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Wind Chill Information

New Wind Chill Chart

On November 1, 2001, the National Weather Service (NWS) implemented a replacement Wind Chill Temperature (WCT) index for the 2001/2002 winter season. The new WCT index:

  • uses calculated wind speed at an average height of five feet (typical height of an adult human face) based on readings from the national standard height of 33 feet (typical height of an anemometer)
  • is based on a human face model; incorporates modern heat transfer theory (heat loss from the body to its surroundings, during cold and breezy/windy days);
  • lowers the calm wind threshold to 3 mph;
  • uses a consistent standard for skin tissue resistance; and assumes no impact from the sun (i.e. clear night sky).

El Niño and La Niña Effects on Philadelphia Winters

SNOWFALL BY ENSO STATE
1949-50 THROUGH 2009-2010 WINTER
AVG 21.9
STRONG NINA - 6 WINTERS 15.9
MODERATE NINA - 7 WINTERS 13.8
WEAK NINA - 7 WINTERS 23.1
ENSO NEUTRAL - 22 WINTERS 22
WEAK NINO - 5 WINTERS 28.1
MODERATE NINO - 8 WINTERS 24.3
STRONG NINO - 6 WINTERS 27
NUMBER OF SIGNIFICANT SNOWFALL EVENTS
AT PHL BY ENSO STATE
>/= 6" >/= 10"
STRONG NINA - 6 WINTERS 3 0
MODERATE NINA - 7 WINTERS 1 0
WEAK NINA - 7 WINTERS 4 1
ENSO NEUTRAL - 22 WINTERS 21 8
WEAK NINO - 5 WINTERS 5 3
MODERATE NINO - 8 WINTERS 8 1
STRONG NINO - 6 WINTERS 8 6

Watch/Warning/Advisory Terminology & Criteria

  • Warnings:
    A warning is issued to alert the public to imminent dangerous winter weather. Normally a warning is issued after a winter storm watch has been in effect. A winter storm watch may not precede a warning if winter weather develops quickly and unexpectedly. A Winter Storm Warning is issued when heavy snow, significant freezing rain, or heavy sleet is expected to occur. Usually issued 6 to 18 hours in advance of the winter weather. A Blizzard Warning is issued when sustained or gusty winds of 35 mph or more are expected to reduce visibility at or below a quarter of a mile due to falling and/or blowing snow for at least three hours. Wind Chill Warnings are issued when wind chills are expected to be below -24 degrees fahrenheit.
  • Watches:
    A watch is issued to alert the public to the potential for dangerous winter weather. A Winter Storm Watch is issued when conditions exist for the possible occurrence of dangerous winter weather such as a blizzard, heavy snow, significant freezing rain or heavy sleet. Usually issued 12 to 36 hours in advance of the winter weather.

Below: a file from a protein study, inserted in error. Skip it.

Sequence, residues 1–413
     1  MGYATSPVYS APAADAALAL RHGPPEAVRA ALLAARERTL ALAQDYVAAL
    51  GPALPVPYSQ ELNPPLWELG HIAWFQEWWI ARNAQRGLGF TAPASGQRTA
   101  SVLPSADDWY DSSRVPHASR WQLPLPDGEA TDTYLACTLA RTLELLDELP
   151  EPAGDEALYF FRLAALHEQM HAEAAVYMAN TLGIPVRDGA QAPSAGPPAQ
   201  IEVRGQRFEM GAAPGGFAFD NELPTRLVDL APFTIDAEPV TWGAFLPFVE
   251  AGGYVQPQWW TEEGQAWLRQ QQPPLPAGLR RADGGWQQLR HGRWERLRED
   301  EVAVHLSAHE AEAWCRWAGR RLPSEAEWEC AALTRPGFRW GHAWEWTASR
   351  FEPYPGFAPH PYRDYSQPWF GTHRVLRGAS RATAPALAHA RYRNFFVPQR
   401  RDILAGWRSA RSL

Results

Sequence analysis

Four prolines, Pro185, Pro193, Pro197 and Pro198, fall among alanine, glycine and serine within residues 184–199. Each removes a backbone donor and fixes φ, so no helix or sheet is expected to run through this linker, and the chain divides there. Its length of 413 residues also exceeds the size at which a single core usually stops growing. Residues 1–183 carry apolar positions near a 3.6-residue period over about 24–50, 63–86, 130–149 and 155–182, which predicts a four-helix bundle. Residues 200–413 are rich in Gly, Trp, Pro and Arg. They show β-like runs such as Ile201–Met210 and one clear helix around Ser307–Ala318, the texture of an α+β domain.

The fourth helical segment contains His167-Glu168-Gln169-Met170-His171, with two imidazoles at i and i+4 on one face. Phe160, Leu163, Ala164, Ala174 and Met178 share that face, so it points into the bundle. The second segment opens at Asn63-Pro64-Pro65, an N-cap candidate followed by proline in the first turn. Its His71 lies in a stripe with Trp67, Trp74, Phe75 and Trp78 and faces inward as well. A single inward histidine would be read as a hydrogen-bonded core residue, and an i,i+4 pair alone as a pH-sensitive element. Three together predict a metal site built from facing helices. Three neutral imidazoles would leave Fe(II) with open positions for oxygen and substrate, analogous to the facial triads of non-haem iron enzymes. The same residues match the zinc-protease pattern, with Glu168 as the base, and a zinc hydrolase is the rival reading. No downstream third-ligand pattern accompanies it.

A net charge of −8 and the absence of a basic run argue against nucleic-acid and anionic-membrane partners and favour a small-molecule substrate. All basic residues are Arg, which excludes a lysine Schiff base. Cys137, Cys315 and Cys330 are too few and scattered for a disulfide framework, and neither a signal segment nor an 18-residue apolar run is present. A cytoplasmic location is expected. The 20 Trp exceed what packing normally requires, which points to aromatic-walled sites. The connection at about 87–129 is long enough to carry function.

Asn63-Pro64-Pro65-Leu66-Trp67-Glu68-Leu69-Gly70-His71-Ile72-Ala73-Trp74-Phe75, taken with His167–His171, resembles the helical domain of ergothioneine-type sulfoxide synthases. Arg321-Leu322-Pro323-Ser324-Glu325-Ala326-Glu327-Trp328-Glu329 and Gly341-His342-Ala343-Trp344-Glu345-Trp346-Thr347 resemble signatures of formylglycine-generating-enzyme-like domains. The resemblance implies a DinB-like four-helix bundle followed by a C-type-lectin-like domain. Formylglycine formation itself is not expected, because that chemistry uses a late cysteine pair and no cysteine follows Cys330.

• Advisories:
    A less severe winter weather event will prompt the issuance of an advisory. An advisory is named specific to the weather event expected and is issued when the event is expected to be widespread. Travel by foot or vehicle may be dangerous during an advisory even if the winter weather is not expected to reach winter storm criteria.
Criteria Maps of Winter Storm Watches, Warnings & Advisories for New Jersey, eastern Pennsylvania, Delaware, eastern Maryland
12-Hour Advisory Snowfall
12-Hour Warning Snowfall
24-Hour Warning Snowfall
Freezing Rain Advisory
Ice Storm Warning
Wind Chill Advisory
Wind Chill Warning

Gradient high wind outlooks, watches, warnings, and wind advisories shall be issued using the following wind speed values
Product Type Sustained Wind ( 1 Hr) Any duration gust
High Wind Outlook >= 40 MPH (35 KTS) >= 58 MPH (50 KTS)
High Wind Watch >= 40 MPH (35 KTS) >= 58 MPH (50 KTS)
High Wind Warning >= 40 MPH (35 KTS) >= 58 MPH (50 KTS)
Wind Advisory (land) 31-39 MPH (27-34 KTS) 46-57 MPH (40-49 KTS)
Wind Advisory for area lakes 25-30 MPH (22-26 KTS) 40-45 MPH (35-39 KTS)

Previous Winters

Seasonal Snowfall Totals from 1979-Present (through last winter) for:

Top Snowstorms for Philadelphia (unofficial):

  1. 30.7" on January 7-8, 1996
  2. 21.3" on February 11-2, 1983
  3. 21.0" on December 25-26, 1909
  4. 19.4" on April 3-4, 1915
  5. 18.9" on February 12-14, 1899
  6. 16.7" on January 22-24, 1935
  7. 15.1" on February 28-March 1, 1941

Storm Archives

Winter Weather Awareness and Safety